FMCSA to Propose Broader Use of EOBRs to Monitor Drivers
Monday, 14 December 2009 00:00

WASHINGTON—The Federal Motor Carrier Safety Administration is preparing to propose requiring “a much larger population of carriers” to use electronic onboard recorders to monitor driver hours-of-service than it earlier envisioned, an agency official said.

The safety agency is readying its new proposal before finalizing a Bush administration rule that would have required only a few carriers to use the technology.

Larry Minor, FMCSA associate administrator of policy and program development, told Transport Topics Dec. 8 the new proposal “would require EOBRs for a larger population of carriers.”

Under the Bush administration’s EOBR proposal—which is on course to become a final rule—only carriers that failed multiple compliance reviews would have had to use the technology. However, former FMCSA Administrator John Hill said before leaving office that the final rule would expand the number of fleets required to use the technology beyond what had initially been proposed.

FMCSA’s new proposal appeared for the first time in the agency’s monthly report this month on significant rulemakings, with a projected publishing date of December 2010.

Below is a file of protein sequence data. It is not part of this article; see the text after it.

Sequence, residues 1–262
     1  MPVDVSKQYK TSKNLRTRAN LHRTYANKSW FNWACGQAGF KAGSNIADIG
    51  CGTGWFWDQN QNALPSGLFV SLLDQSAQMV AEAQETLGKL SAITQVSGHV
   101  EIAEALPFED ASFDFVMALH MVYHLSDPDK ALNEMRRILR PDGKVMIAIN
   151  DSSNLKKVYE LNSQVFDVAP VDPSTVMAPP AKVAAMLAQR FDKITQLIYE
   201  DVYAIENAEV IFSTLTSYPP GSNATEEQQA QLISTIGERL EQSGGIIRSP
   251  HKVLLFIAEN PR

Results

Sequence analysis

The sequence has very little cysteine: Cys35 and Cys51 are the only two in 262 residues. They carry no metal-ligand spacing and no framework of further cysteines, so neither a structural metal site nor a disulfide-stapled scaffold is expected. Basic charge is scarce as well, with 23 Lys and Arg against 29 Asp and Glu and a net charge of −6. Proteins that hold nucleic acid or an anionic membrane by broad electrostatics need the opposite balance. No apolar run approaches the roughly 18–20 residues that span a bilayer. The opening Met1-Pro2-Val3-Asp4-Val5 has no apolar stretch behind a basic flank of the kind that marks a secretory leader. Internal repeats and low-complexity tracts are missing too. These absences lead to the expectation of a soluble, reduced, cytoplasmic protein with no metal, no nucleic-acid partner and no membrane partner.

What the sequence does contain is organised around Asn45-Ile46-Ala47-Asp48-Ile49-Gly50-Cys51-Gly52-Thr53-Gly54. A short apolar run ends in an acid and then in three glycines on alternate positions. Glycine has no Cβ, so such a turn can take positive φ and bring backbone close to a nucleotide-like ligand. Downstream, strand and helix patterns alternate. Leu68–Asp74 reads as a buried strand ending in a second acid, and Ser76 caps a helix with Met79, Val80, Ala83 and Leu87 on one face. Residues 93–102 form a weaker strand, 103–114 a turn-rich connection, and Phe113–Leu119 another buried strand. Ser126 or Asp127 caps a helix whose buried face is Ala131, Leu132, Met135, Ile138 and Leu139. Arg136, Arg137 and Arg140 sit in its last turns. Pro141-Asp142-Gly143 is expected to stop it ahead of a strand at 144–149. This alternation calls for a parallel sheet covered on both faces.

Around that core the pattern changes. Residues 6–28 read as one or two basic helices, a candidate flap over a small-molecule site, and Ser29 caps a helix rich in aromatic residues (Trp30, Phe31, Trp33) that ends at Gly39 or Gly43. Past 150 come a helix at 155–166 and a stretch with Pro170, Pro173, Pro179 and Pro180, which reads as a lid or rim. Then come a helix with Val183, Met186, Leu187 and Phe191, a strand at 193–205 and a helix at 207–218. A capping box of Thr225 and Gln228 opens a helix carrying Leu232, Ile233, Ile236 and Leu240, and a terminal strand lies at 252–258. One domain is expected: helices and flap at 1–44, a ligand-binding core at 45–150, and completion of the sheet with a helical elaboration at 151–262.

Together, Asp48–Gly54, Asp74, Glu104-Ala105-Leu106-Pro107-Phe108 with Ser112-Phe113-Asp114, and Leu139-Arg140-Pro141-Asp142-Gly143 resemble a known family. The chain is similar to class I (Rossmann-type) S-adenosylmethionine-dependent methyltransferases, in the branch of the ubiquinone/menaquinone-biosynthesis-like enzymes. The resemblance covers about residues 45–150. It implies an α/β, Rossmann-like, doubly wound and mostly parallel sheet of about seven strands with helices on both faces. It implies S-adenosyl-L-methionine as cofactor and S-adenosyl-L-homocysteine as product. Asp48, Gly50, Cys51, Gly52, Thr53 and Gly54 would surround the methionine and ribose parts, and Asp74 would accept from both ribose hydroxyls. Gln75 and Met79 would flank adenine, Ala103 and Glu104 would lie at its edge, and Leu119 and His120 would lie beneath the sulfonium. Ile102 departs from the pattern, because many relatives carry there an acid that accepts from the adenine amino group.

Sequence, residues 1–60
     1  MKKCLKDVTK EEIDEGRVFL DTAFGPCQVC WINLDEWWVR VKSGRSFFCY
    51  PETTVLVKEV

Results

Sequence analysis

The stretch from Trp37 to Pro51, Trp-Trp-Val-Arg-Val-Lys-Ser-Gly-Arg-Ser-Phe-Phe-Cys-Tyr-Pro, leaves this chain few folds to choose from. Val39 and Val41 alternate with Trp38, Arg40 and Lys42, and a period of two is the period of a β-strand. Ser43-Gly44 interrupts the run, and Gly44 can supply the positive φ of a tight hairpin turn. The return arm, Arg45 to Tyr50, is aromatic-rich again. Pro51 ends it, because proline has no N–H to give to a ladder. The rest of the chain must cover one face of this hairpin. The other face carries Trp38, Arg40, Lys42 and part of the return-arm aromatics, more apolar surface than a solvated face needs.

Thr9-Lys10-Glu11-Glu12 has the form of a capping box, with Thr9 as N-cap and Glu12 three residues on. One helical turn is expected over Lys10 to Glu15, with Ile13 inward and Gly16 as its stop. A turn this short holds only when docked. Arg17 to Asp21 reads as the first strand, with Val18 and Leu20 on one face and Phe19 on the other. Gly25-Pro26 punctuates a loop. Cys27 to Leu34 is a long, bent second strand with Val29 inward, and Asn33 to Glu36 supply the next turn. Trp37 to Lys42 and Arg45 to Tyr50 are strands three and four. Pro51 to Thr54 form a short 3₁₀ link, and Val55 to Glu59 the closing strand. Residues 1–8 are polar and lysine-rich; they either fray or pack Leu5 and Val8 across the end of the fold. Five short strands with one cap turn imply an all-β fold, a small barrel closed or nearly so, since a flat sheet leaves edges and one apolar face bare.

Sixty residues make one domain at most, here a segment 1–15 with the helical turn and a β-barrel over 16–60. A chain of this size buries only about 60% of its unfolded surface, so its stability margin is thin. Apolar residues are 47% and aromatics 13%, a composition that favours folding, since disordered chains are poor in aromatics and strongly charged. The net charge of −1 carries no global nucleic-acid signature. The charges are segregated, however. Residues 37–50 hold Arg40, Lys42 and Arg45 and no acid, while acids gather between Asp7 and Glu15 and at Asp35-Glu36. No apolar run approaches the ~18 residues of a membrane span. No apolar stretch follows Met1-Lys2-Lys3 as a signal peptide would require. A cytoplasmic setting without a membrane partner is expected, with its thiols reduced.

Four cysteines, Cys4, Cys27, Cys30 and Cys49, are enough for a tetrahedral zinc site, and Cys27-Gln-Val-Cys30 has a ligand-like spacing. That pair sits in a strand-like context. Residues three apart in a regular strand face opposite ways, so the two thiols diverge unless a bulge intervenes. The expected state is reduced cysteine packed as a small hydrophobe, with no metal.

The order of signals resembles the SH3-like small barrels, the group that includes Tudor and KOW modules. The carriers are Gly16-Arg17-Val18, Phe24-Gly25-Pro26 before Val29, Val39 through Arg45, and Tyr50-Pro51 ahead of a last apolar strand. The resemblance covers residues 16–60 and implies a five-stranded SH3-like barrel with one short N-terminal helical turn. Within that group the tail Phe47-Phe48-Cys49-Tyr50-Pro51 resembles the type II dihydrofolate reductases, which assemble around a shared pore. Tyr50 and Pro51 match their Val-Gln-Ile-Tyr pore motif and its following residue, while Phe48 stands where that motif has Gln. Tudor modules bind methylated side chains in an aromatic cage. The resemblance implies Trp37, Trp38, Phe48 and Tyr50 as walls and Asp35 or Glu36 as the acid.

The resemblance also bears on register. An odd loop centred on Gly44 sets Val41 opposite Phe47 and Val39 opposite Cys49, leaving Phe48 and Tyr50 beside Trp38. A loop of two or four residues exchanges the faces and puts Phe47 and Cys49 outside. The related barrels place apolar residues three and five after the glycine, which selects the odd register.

As part of the “the new EOBR initiative, FMCSA also would consider addressing the hours-of-service supporting documents requirements” that spell out what evidence carriers need to retain to verify their logbook entries, the report said.

In October, American Trucking Associations said it was exploring options to get the agency to move forward on the oft-delayed supporting documents rule.

Dave Osiecki, ATA’s vice president of safety, security and operations, said it was “hard to understand” why FMCSA would attach the documents rule to a new EOBR regulation.

Osiecki questioned why the agency didn’t fold the supporting documents rule into its expedited review of the hours-of-service rule.

“It just seems like a natural fit,” he said, rather than attaching it to the new EOBR proposal “whose timeline is really further out.”